Here’s to Your Health

It was a fun moment at our Dance Teacher Summit when Stacey Tookey stopped teaching mid-sentence to greet her 6-month-old daughter who had just entered the room in the arms of Tookey's husband. "Hi Harper!" she said brightly. Then without skipping a beat, she returned to teaching, while her family watched from the sidelines. It seemed the most natural thing in the world that they were traveling with her for this weekend convention. Her work life and home life were perfectly integrated.

Thank goodness having a baby no longer means giving up your career. It does mean giving up your perfect dancer body, at least temporarily. “Your ligaments get looser," as Dr. Bridget Quinn of Boston Ballet told Dance Magazine. “Your center of gravity changes. You become short of breath more easily. It's a lot for a dancer. But with diligent training, you can prepare for both a healthy labor and a quick recovery." In our Special Health and Wellness Section (“Supporting the Pregnant Dancer"), we share some useful advice for doing just that.

Pregnancy isn't the only thing that can shift your center of gravity. When Paula Frasz broke her leg (“How Injury Changed the Way I Teach"), she had to completely rethink her teaching strategy. The silver lining? She became a better teacher. And what if it's your student who becomes injured? They may think they're ready to return to class, but it's up to you to keep them safe. In “Bouncing Back," our experts outline the careful steps back to full class participation and point out some red flags that might interfere.

It seems more dancers than ever are becoming certified to teach Pilates and yoga. Such skills can complement a performance career, both financially and in physical practice. In “More Than a Backup Plan," we tell you where to get this training right alongside your college dance degree. Might be just what a reluctant parent needs, to finally say yes to majoring in dance.

Studio Owners
Courtesy Tonawanda Dance Arts

If you're considering starting a summer program this year, you're likely not alone. Summer camp and class options are a tried-and-true method for paying your overhead costs past June—and, done well, could be a vehicle for making up for lost 2020 profits.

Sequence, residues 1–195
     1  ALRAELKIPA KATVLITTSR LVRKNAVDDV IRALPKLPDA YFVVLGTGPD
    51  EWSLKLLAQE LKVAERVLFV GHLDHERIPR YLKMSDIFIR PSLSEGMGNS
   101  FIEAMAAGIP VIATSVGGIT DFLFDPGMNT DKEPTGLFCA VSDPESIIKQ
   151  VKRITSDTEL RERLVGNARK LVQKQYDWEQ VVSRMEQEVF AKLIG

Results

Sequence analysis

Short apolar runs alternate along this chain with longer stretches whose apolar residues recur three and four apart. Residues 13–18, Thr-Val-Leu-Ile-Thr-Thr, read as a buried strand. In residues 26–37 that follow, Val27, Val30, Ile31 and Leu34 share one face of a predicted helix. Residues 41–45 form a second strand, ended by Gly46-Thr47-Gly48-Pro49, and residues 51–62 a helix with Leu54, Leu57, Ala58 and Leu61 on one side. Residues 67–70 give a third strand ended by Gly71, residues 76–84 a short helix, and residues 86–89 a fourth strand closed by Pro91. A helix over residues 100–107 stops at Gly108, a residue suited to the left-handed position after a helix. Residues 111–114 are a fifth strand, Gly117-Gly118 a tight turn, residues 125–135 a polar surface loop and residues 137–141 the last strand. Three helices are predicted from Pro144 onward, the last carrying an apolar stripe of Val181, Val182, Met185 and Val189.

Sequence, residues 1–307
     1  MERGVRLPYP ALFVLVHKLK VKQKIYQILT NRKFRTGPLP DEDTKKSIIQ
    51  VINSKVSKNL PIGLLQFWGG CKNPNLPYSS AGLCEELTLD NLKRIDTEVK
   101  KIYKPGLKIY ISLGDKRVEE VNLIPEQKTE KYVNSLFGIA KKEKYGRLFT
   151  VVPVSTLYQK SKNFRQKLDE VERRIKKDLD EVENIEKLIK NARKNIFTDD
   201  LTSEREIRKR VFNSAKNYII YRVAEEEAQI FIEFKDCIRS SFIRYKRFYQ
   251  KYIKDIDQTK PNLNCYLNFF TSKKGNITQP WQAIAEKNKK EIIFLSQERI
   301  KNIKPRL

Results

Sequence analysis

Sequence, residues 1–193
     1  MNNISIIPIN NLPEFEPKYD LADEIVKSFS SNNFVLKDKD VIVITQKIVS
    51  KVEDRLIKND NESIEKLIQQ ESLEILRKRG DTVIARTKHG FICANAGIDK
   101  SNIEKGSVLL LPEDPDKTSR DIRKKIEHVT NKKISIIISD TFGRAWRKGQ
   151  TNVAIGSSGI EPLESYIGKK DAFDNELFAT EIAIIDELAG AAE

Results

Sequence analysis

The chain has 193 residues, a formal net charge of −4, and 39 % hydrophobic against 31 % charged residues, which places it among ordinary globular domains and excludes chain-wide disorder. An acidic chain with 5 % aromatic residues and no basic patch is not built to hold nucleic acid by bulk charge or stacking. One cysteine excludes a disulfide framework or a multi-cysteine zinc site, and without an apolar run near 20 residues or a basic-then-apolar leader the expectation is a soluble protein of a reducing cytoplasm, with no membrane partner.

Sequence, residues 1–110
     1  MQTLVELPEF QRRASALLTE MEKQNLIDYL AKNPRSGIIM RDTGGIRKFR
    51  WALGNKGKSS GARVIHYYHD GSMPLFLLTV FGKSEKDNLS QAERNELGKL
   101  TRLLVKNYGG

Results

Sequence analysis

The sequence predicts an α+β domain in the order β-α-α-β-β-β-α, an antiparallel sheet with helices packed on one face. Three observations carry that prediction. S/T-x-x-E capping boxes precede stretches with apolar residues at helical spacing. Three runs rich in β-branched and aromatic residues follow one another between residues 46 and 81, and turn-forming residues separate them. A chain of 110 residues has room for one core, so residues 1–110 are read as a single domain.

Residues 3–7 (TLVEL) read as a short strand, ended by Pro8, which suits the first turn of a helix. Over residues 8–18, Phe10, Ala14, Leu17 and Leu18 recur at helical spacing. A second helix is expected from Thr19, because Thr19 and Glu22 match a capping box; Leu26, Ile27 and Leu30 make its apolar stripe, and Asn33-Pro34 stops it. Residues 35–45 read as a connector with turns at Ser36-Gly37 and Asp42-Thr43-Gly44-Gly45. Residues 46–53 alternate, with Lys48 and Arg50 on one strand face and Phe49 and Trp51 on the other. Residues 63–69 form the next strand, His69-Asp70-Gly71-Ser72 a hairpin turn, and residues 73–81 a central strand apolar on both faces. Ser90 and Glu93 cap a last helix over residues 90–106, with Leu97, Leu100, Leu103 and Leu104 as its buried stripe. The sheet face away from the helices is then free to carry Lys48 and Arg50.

Plus, they might take on extra appeal for your studio families this year. Those struggling financially due to the pandemic will be in search of an affordable local programming option rather than an expensive, out-of-town intensive. And with summer travel still likely in question this spring as July and August plans are being made, your studio's local summer training option remains a safe bet.

The keys to profitable summer programming? Figuring out what type of structure will appeal most to your studio clientele, keeping start-up costs low—and, ideally, converting new summer students into new year-round students.

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Dancer Diary
Claire, McAdams, courtesy Houston Ballet

Former Houston Ballet dancer Chun Wai Chan has always been destined for New York City Ballet.

While competing at Prix de Lausanne in 2010, he was offered summer program scholarships at both the School of American Ballet and Houston Ballet. However, because two of the competition's winners that year were Houston Ballet's Aaron Sharratt and Liao Xiang, dancers Chan idolized, he turned down SAB. He joined Houston Ballet II in 2010, the main company's corps de ballet in 2012, and was promoted to principal in 2017. Oozing confidence and technical prowess, Chan was a Houston favorite, and even landed himself a spot on Dance Magazine's "25 to Watch."

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Music
Mary Mallaney/USC Glorya Kaufman School of Dance, courtesy Osato

In most classes, dancers are encouraged to count the music, and dance with it—emphasizing accents and letting the rhythm of a song guide them.

But Marissa Osato likes to give her students an unexpected challenge: to resist hitting the beats.

In her contemporary class at EDGE Performing Arts Center in Los Angeles (which is now closed, until they find a new space), she would often play heavy trap music. She'd encourage her students to find the contrast by moving in slow, fluid, circular patterns, daring them to explore the unobvious interpretation of the steady rhythms.

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